Skip to Content

Bankruptcy and Discharged Mortgage Debt

August 9, 2020 Bankruptcy

If I file a chapter 7 and my mortgage was discharged, do I still have to make mortgage payments?

Nearly 1.4 million Floridians have lost their jobs since the pandemic, COVID 19 began in March, 2020.  The unemployment rate in Florida has reached a devastating 14.5% and more than 90,000 people applied for first-time unemployment claims in June, 2020.  There is no doubt that with this economic devastation, many individuals will file for Chapter 7 bankruptcy.  While many major companies such as Hertz and Neiman Marcus filed for Chapter 11 bankruptcy, we have not yet seen a similar increase in personal bankruptcy rates.  Experts speculate that this delay in the filing of personal bankruptcy is due in part to state shutdowns and temporary court closures.  That said, most experts agree that our country will see a flood of personal bankruptcy filings in the fall.

Many individuals face questions and lack knowledge about the process of filing Chapter 7 bankruptcy.  At its most basic level, Chapter 7 bankruptcy discharges (i.e., eliminates) certain debts at the cost of liquidating assets.  The assets eligible for liquidation include mortgage loans, vacation homes, boats, second vehicles, or collectibles.  In return, some debts that can be discharged are credit card debts and medical bills.  Although mortgage loans can be discharged, it is highly recommended for homeowners to continue making mortgage payments after filing for Chapter 7 bankruptcy.  By making mortgage payments, homeowners are able to retain their property.  Although filing for Chapter 7 bankruptcy discharges homeowners’ personal liability for their mortgage, it does not eliminate mortgage liens.  A mortgage lien is the legal right that a lender possesses to repossess property and to foreclose if mortgage payments are not made.  If a homeowner fails to make timely payments and wants to retain their residence, they will have to compensate for late payments and default fees in order to remain in good standing.  In addition, if homeowners do not make mortgage payments during and after bankruptcy discharge, lenders can foreclose their property.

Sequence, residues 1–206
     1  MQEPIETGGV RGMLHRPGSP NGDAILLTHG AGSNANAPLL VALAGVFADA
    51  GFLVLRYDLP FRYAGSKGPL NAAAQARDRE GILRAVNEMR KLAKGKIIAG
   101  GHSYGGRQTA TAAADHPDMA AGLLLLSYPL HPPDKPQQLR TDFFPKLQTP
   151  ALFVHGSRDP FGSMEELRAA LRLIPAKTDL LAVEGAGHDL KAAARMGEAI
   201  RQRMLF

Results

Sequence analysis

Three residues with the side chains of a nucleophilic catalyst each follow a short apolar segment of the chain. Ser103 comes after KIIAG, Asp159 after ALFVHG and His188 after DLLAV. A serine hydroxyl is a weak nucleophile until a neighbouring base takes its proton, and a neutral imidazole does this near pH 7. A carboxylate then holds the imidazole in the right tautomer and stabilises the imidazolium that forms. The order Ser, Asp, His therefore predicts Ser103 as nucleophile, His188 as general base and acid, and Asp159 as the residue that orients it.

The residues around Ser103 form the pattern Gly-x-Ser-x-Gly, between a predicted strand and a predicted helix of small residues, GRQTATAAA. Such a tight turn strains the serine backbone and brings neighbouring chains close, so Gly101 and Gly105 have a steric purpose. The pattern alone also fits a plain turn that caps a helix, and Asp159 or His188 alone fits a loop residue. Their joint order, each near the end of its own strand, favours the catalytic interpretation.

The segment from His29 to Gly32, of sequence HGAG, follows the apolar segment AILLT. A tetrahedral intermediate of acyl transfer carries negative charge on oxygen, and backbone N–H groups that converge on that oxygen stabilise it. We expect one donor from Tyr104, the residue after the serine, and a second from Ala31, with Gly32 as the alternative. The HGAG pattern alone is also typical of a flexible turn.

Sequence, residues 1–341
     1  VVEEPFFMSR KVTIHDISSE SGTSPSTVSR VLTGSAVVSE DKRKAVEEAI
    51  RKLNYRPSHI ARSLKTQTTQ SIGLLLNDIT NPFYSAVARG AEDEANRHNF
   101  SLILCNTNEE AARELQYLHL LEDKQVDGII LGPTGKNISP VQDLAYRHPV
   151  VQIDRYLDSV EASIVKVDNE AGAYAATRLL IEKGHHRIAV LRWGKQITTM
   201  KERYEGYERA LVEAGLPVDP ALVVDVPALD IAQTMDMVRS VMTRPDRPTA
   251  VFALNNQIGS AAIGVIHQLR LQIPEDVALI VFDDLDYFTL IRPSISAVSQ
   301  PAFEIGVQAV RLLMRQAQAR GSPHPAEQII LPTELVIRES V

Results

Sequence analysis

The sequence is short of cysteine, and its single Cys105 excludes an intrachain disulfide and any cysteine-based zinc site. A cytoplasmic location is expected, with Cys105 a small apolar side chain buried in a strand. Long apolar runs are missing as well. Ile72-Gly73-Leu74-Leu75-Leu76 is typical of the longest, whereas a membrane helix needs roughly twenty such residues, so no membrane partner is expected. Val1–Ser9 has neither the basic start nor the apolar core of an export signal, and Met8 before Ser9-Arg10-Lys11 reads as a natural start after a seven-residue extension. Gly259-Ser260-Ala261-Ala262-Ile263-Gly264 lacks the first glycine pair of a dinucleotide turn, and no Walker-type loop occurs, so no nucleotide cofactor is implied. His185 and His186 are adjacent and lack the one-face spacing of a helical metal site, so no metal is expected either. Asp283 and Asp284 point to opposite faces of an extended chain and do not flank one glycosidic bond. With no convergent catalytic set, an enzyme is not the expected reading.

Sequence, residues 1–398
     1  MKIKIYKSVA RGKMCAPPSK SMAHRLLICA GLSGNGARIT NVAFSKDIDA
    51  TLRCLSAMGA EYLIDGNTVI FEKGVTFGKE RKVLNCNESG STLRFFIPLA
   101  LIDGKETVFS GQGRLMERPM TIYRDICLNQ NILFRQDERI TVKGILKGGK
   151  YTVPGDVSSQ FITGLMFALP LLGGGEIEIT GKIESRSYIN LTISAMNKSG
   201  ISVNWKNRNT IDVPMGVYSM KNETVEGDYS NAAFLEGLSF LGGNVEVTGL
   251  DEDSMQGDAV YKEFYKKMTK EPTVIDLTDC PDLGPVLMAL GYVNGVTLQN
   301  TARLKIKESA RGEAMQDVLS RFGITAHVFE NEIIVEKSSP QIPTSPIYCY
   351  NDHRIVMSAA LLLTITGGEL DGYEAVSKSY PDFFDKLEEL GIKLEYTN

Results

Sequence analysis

If you are a homeowner and are considering filing for bankruptcy under Chapter 7, you should retain a knowledgeable bankruptcy attorney to make sure you understand your rights and responsibilities. For a free consultation with an experienced and skilled bankruptcy attorney, contact The Law Office of Carla Jones at (786) 378-8246.